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Understanding the etiology of ventral body wall defects


Ventral body wall (VBW) defects are observed in 1 in 3000 births. The main types of defects include body wall dysplasia, gastroschisis, omphalocele and primary thoracoabdominoschisis. There is little evidence suggesting that genetic changes are associated with these defects. An important number of these occur as a result of exposure to chemical pollutants or radiation. In this project chick embryos exposed to cadmium were used as a model of VBW defect. The project aimed to identify when the ventral wall in chicks is fully closed and to investigate the migration of different cells and tissues in normal control embryos and compare it to embryos exposed to cadmium.


Fertile eggs were collected from a local hatchery. The embryos were placed in an incubator set at 37 °C, cadmium was administered ex ovo. The embryos were then fixed in 4F1G solution for at least 24 hours, following, the embryos were processed in paraffin wax which is firm enough to support subsequent cutting. The blocks were sectioned and attached to slides using a microtome. Finally the slides were stained using hematoxylin and eosin stains, hematoxylin stains the nuclei in a blue/black color whereas eosin stains cell cytoplasm and most connective tissue fibers in shades of pink, orange and red.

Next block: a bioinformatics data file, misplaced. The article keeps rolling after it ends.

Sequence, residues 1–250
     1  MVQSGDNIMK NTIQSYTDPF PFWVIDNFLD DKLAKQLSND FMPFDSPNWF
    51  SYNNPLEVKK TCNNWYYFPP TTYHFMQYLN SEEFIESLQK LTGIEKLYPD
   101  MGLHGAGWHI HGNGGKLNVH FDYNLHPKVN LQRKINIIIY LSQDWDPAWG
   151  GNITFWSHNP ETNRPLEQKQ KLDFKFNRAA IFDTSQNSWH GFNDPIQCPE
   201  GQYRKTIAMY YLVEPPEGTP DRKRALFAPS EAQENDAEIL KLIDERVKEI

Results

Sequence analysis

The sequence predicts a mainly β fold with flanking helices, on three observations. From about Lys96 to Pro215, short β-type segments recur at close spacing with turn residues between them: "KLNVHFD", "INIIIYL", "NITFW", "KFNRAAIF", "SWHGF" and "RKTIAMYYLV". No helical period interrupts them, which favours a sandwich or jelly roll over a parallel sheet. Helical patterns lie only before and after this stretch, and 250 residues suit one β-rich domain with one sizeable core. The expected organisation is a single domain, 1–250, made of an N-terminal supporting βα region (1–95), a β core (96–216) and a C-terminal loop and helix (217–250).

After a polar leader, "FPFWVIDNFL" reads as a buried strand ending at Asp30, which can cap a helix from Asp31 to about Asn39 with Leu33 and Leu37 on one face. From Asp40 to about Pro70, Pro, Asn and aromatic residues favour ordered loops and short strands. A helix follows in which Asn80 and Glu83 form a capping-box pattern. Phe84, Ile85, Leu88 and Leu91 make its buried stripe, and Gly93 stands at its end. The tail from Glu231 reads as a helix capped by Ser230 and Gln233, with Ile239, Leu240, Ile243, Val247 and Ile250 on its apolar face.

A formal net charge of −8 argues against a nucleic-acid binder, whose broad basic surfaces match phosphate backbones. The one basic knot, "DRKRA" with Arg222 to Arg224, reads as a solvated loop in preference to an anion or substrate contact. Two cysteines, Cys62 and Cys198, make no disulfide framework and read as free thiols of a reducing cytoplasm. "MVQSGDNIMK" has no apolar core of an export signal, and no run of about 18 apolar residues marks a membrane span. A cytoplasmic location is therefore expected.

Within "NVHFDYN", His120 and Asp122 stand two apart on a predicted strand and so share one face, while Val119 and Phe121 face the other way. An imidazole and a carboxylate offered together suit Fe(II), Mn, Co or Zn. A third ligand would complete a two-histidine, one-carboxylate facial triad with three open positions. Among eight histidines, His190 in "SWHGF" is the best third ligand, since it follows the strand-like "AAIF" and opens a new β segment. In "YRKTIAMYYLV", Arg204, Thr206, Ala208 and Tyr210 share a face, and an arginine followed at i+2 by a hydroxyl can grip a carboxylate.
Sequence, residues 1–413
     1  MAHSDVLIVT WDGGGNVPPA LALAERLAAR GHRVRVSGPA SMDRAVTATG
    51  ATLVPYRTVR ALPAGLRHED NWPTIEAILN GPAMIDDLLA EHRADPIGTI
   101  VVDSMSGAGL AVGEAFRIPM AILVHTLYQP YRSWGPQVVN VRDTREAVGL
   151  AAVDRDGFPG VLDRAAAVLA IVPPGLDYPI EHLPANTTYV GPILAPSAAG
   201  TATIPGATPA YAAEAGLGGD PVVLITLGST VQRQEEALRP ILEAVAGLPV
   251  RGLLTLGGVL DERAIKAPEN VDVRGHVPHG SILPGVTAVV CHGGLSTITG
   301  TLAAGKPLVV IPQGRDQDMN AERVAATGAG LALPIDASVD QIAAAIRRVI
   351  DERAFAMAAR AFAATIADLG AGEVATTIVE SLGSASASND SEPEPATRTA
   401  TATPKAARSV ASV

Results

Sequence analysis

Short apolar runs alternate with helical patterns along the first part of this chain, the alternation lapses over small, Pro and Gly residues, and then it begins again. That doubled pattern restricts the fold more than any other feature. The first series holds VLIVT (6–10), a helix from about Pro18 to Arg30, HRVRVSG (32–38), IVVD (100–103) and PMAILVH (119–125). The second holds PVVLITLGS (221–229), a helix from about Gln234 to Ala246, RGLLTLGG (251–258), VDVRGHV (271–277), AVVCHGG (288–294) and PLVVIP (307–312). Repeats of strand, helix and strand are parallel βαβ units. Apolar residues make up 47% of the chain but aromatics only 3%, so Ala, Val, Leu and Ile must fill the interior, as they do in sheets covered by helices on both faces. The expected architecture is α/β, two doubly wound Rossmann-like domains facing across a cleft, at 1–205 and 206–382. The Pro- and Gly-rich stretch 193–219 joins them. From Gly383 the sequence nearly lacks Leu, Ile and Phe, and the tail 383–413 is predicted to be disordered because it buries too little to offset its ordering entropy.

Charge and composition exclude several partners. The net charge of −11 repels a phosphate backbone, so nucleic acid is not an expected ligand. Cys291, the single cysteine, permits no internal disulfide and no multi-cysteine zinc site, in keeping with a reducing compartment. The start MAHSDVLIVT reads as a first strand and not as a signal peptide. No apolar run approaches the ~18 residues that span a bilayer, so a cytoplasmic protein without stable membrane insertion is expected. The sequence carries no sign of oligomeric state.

Gross anatomical differences between the controls and cadmium treated embryos were present, such as protrusion of abdominal contents out of the abdomen as well as abnormal body axial development. Microscopic differences include a large notochord, an underdeveloped dermomyotome and a disorganized sclerotomal migration.


VBW defects are uncommon however if present they may lead to an increase in neonatal morbidity and less frequently mortality. We have shown through this project that cadmium induced gross and microscopic anatomical defects in chick embryos. These findings imply that vertebral malformation may occur due to abnormal development of the somites giving rise to body axial deformity, which may directly contribute to primary VBW defects. Additional research is warranted to demonstrate pathways, which may be involved in normal formation of the ventral body wall.

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Ghorab, H., Thompson, J. Understanding the etiology of ventral body wall defects. BMC Proc 6 (Suppl 4), O10 (2012).

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